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Open Automotive Alliance forms to add Android to vehicles

updated 10:35 am EST, Mon January 6, 2014

Alliance creating single platform for Android-based in-car systems

Google is pushing to bring Android to cars, confirming recent rumors, though not as a partnership with a single car manufacturer as first thought. The Open Automotive Alliance (OAA), made up of Google, Audi, GM, Honda, Hyundai, and Nvidia, has been formed to create a single common platform for in-car systems, one which it hopes will improve the experience of the driver and passengers on the road.

The platform will in theory allow drivers to access various functions usually reserved for smartphones, such as maps, music, and phone calls, though without necessarily requiring a mobile device to be connected. The vehicle's dashboard display could potentially show maps and a route, updated in real-time based on traffic reports collected from the Internet, or music apps could temporarily take over the dash display and accepting hands-free input, instead of forcing the driver to move their attention from the road and to the car radio.

An earlier in-car system developed by Nvidia and Audi
An earlier in-car system developed by Nvidia and Audi

"The worlds of consumer and automotive technologies have never been more closely aligned, and this alliance will only pave the way for faster innovation," said Ricky Hudi, head of Electrics/Electronics Development at Audi AG. "Working toward a common ecosystem benefits driver safety above all." Nvidia president and CEO Jen-Hsun Huang claims "The car is the ultimate mobile computer," something the graphics company took to heart by announcing a version of its new Tegra K1 mobile processor destined for use in vehicles.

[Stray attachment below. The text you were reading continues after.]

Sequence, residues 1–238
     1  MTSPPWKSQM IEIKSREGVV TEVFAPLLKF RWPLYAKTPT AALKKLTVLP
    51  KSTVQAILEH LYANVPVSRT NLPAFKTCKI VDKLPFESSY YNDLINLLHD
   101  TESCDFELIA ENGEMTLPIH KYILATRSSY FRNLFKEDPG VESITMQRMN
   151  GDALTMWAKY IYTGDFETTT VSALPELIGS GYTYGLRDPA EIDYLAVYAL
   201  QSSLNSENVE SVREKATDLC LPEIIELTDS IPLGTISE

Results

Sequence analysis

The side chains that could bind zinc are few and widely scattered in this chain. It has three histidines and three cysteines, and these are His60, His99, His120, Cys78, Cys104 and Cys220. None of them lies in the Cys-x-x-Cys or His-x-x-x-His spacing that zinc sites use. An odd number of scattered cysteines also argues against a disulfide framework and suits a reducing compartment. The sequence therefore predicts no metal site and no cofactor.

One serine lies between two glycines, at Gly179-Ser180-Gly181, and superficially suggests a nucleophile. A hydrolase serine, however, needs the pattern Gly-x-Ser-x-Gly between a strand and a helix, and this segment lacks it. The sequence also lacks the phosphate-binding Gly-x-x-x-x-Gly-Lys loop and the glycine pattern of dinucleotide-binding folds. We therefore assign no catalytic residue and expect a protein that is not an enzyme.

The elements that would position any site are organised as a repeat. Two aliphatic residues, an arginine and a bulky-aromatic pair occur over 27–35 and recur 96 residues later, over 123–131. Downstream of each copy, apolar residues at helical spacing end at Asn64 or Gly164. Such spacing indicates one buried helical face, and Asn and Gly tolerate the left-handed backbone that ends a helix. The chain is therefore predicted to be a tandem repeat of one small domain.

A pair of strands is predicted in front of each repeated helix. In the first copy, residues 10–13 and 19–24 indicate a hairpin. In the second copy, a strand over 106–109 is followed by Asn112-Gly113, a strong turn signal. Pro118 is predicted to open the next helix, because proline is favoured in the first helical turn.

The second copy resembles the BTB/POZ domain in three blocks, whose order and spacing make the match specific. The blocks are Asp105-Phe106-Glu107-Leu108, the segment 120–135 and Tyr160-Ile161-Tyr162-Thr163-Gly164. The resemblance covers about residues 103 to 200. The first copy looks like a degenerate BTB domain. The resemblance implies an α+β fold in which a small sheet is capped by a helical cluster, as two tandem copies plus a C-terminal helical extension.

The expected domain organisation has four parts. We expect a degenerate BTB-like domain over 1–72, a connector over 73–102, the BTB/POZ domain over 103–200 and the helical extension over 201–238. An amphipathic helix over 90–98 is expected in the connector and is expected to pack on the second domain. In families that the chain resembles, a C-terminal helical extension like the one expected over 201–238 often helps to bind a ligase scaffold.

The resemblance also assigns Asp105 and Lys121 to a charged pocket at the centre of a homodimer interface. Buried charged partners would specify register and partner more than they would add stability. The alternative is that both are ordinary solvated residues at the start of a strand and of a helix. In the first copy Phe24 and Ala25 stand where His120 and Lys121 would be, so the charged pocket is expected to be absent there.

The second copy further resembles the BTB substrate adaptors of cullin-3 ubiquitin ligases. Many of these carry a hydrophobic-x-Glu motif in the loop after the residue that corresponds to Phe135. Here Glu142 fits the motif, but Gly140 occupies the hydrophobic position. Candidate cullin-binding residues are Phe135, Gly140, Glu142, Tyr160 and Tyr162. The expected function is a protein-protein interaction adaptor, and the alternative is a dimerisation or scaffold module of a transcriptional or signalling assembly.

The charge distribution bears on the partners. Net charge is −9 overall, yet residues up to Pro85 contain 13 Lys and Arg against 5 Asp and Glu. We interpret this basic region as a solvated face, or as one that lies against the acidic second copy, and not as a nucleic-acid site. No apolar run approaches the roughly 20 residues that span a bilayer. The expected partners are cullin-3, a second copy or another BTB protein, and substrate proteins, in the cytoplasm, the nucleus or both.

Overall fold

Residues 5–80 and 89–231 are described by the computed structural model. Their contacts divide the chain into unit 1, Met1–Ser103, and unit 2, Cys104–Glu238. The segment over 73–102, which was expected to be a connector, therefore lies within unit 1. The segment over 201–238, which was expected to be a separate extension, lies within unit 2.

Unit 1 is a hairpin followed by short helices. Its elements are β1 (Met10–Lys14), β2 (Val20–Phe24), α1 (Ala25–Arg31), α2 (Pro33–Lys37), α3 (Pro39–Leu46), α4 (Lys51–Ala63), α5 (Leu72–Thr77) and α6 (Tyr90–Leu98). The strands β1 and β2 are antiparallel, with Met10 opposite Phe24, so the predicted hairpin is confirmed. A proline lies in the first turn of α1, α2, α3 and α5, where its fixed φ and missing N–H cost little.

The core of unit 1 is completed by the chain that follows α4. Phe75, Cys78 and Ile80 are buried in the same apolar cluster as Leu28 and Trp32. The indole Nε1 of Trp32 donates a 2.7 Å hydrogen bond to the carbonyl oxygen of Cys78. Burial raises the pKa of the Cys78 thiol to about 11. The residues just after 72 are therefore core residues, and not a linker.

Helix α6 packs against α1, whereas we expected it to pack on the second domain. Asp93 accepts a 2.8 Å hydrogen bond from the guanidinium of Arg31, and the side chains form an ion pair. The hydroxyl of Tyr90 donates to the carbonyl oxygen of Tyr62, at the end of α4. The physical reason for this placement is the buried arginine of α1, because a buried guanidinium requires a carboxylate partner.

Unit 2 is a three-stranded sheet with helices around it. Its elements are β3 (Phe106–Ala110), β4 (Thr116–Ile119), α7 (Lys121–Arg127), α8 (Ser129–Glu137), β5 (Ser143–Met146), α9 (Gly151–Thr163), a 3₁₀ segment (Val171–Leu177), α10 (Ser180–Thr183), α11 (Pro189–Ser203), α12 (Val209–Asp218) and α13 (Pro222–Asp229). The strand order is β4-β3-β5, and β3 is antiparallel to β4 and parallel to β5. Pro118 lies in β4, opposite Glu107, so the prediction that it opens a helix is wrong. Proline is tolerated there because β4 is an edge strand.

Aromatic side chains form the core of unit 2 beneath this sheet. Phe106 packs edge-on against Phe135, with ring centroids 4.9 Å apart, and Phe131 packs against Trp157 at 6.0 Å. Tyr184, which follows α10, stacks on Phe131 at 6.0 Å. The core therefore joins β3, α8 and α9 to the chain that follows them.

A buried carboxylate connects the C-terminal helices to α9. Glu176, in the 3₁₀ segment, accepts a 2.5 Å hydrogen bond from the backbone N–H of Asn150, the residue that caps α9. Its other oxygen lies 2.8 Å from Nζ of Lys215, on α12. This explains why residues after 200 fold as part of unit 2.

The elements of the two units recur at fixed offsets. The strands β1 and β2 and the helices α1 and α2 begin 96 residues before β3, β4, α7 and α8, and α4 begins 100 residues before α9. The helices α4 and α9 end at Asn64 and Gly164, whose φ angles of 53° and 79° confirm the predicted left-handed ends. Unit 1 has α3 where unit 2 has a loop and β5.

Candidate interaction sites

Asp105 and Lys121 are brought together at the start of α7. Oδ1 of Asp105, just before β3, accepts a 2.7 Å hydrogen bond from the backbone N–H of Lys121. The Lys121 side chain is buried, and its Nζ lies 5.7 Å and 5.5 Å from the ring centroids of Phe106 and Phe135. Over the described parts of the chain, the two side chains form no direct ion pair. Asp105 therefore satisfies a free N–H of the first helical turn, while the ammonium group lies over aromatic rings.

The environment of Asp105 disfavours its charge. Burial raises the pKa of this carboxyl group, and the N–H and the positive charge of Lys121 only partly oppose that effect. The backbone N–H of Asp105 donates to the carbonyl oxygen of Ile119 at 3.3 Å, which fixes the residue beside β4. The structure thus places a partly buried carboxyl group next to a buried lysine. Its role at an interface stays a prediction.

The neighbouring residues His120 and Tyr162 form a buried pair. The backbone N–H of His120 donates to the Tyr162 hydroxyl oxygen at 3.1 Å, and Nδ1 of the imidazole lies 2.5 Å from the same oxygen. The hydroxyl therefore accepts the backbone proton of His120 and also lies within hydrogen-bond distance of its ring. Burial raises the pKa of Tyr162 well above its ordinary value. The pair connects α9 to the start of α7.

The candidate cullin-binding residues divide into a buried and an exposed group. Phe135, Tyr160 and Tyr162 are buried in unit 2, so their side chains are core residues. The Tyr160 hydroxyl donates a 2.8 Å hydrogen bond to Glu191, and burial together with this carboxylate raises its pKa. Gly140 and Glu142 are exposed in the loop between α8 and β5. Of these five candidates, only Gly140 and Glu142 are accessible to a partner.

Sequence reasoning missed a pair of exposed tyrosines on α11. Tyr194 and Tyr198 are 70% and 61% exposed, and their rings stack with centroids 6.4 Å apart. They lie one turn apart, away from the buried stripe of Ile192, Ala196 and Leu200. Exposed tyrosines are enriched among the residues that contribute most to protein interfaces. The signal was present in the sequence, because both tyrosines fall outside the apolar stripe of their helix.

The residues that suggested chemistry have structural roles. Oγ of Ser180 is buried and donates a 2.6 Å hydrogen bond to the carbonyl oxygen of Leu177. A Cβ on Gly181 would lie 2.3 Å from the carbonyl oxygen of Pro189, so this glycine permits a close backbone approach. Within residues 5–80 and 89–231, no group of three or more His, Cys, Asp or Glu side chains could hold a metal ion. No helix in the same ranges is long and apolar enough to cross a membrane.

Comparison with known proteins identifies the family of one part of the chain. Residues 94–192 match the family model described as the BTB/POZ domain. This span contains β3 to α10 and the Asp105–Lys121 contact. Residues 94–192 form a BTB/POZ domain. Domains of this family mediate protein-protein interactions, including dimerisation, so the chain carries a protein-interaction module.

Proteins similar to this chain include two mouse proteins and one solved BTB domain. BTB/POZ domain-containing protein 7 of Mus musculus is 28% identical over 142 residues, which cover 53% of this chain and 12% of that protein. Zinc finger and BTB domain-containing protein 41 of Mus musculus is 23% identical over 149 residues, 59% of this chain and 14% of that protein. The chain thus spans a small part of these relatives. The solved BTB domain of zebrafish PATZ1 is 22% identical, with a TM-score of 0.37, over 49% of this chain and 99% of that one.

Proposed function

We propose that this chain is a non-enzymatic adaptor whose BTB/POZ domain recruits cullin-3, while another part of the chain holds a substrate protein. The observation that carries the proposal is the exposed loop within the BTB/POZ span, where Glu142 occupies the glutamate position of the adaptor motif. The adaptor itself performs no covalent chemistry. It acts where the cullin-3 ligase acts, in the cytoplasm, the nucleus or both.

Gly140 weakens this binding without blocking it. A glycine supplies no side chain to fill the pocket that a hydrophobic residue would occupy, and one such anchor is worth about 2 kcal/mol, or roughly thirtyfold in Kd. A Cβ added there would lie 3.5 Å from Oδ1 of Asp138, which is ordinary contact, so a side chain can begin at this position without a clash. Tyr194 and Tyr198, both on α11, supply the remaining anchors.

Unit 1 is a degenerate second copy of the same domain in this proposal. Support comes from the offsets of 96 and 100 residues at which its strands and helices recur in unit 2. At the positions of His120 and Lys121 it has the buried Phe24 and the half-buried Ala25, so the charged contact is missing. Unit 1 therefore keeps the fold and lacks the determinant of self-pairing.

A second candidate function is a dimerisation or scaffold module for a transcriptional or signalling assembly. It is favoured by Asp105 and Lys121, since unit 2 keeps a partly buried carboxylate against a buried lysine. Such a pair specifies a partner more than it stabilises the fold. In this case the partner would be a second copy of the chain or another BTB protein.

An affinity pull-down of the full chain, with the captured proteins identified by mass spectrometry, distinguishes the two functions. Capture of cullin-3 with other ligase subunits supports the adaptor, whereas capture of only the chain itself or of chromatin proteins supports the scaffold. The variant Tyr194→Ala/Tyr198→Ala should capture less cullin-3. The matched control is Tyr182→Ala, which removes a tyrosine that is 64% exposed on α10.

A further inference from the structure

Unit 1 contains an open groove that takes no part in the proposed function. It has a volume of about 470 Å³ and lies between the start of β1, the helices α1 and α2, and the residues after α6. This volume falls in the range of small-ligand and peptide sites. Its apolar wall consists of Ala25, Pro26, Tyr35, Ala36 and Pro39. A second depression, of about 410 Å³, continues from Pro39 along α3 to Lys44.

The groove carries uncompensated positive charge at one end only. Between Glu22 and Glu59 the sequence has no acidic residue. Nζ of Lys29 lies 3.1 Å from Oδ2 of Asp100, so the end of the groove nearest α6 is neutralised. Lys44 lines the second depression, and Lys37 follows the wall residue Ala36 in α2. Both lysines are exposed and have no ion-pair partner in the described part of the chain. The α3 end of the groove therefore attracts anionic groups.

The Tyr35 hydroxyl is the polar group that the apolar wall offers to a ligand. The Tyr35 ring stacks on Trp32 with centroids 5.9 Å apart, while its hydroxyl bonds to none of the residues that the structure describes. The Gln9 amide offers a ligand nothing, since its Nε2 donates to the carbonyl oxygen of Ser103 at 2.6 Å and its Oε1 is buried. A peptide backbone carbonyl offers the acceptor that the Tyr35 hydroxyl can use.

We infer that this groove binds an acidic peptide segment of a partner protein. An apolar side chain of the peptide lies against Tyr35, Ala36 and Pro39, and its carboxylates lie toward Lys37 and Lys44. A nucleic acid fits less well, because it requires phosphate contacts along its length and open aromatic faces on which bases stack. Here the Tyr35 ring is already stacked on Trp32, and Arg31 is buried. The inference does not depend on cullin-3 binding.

The OAA hopes to bring the first cars using Android to market sometime before the end of 2014, though it does not mention which of the group will do so first. Audi could certainly be a good candidate for this, considering its appearance in the recent rumor, as well as having previously worked with Nvidia on in-car systems.

Despite the relative importance of the deal to the motor industry, it is not the first to bring smartphone-style controls or integration to vehicles. A system from Apple called iOS in the Car allows for drivers to take advantage of Siri and other iOS systems while driving, though unlike the OAA's efforts, it does require a connection to an iOS device in order to operate. So far, Honda, Nissan, Mercedes-Benz, Ferrari, Chevrolet, Lexus, Kia, Volvo, and Jaguar have all announced they would be adding iOS in the Car to their vehicles.

By Electronista Staff
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